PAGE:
Caution should be exercised when other strong CYP3A4 inhibitors are coadministered with fluticasone propionate. In a drug interaction study, coadministration of orally inhaled fluticasone propionate (1,000 mcg) and ketoconazole (200 mg once daily) resulted in increased fluticasone propionate exposure and reduced plasma cortisol AUC, but had no effect on urinary excretion of cortisol. [see Drug Interactions (7.2)]

Nonclinical Toxicology

Carcinogenesis, Mutagenesis, Impairment of Fertility

Dymista:  No studies of carcinogenicity, mutagenicity, or impairment of fertility were conducted with Dymista; however, studies are available for the individual active components, azelastine hydrochloride and fluticasone propionate, as described below.

Azelastine hydrochloride: In 2-year carcinogenicity studies in rats and mice, azelastine hydrochloride did not show evidence of carcinogenicity at oral doses up to 30 mg/kg and 25 mg/kg, respectively.  These doses were approximately 530 and 220 times the maximum recommended human daily intranasal dose [MRHDID] on a mg/m2 basis.

Azelastine hydrochloride showed no genotoxic effects in the Ames test, DNA repair test, mouse lymphoma forward mutation assay, mouse micronucleus test, or chromosomal aberration test in rat bone marrow.

Reproduction and fertility studies in rats showed no effects on male or female fertility at oral doses up to 30 mg/kg (approximately 530 times the MRHDID in adults on a mg/m2 basis). At 68.6 mg/kg (approximately 1200 times the MRHDID on a mg/m2 basis), the duration of estrous cycles was prolonged and copulatory activity and the number of pregnancies were decreased. The numbers of corpora lutea and implantations were decreased; however, pre-implantation loss was not increased.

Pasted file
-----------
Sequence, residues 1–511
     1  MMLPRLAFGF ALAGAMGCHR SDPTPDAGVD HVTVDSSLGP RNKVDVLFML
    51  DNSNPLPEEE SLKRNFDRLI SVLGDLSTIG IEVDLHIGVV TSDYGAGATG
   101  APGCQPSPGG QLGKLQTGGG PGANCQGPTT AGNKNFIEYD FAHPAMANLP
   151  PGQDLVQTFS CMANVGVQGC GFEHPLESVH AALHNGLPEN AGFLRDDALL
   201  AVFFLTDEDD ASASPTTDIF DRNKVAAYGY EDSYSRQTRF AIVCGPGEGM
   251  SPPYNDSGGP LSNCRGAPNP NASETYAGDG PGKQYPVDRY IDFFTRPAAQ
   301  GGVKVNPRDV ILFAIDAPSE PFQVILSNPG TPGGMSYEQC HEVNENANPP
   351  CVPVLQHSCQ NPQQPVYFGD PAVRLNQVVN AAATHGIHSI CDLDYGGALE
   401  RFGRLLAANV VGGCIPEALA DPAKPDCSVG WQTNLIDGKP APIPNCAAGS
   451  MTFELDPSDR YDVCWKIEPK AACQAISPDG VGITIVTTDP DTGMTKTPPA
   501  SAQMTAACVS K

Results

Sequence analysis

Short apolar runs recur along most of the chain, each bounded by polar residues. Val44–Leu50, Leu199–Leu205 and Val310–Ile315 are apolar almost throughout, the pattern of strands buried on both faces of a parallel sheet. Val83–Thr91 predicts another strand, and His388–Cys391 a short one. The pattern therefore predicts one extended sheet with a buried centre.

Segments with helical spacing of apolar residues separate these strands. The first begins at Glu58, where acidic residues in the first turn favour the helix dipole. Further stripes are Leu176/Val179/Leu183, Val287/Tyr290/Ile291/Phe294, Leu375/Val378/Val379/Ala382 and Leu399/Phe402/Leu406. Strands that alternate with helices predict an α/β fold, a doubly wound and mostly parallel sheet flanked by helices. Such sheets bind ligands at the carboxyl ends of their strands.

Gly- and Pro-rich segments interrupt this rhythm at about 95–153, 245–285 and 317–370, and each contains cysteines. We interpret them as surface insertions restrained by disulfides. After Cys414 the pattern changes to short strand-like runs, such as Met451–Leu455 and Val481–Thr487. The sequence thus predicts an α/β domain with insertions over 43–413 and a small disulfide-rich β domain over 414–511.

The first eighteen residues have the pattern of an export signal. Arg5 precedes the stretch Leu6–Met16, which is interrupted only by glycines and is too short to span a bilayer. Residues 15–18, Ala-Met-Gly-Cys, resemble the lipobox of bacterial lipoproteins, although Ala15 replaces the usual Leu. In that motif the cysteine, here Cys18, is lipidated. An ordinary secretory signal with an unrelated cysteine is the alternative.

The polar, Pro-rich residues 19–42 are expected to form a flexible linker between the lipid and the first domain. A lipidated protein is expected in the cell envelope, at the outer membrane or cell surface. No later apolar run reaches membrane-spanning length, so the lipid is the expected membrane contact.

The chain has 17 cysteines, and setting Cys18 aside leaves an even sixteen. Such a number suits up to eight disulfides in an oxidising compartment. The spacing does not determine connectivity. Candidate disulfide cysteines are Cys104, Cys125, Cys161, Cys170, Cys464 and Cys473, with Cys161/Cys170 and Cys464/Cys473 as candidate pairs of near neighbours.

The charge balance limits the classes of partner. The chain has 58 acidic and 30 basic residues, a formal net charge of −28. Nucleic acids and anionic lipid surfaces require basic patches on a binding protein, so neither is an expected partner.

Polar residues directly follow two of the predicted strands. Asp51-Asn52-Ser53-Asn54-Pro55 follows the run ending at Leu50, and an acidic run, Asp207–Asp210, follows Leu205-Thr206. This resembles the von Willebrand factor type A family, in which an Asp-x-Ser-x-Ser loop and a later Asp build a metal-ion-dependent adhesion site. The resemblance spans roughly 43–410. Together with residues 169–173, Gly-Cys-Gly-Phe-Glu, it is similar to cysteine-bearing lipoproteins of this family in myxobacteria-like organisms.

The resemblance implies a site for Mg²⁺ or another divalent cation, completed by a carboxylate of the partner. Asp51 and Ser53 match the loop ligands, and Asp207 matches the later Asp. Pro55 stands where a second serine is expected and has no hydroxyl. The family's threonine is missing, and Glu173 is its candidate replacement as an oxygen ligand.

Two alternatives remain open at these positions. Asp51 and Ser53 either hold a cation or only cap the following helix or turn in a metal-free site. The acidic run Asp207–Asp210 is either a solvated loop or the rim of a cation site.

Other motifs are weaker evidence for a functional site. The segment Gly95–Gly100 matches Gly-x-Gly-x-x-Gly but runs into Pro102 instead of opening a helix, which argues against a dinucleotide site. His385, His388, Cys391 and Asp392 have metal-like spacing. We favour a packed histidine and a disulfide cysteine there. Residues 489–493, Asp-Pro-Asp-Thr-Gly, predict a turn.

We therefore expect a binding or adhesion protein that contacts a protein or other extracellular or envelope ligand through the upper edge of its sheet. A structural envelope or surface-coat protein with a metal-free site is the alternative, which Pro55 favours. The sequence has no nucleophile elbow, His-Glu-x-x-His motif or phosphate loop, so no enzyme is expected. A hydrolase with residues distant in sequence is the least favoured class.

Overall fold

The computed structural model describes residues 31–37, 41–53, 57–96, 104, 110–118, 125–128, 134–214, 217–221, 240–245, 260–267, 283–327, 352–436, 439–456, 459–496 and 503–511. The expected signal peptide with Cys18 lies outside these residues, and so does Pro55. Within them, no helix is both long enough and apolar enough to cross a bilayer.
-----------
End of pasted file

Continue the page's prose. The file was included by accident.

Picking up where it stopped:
Fluticasone propionate: Fluticasone propionate demonstrated no tumorigenic potential in mice at oral doses up to 1,000 mcg/kg (approximately 20 times the maximum recommended daily intranasal dose in adults and approximately 10 times the maximum recommended daily intranasal dose in children on a mcg/m2 basis) for 78 weeks or in rats at inhalation doses up to 57 mcg/kg (approximately 2 times the MRHDID in adults on a mcg/m2 basis) for 104 weeks.

Fluticasone propionate did not induce gene mutation in prokaryotic or eukaryotic cells in vitro. No significant clastogenic effect was seen in cultured human peripheral lymphocytes in vitro or in the mouse micronucleus test.

No evidence of impairment of fertility was observed in reproductive studies conducted in male and female rats at subcutaneous doses up to 50 mcg/kg (approximately 2 times the MRHDID in adults on a mcg/m2 basis). Prostate weight was significantly reduced at a subcutaneous dose of 50 mcg/kg.

Clinical Studies

Adults and Adolescents 12 Years of Age and Older

The efficacy and safety of Dymista in adults and adolescents 12 years of age and older with seasonal allergic rhinitis was evaluated in 3 randomized, multicenter, double-blind, placebo-controlled clinical trials in 853 patients. The population of the trials was 12 to 78 years of age (64% female, 36% male; 80% white, 16% black, 2% Asian, 1% other).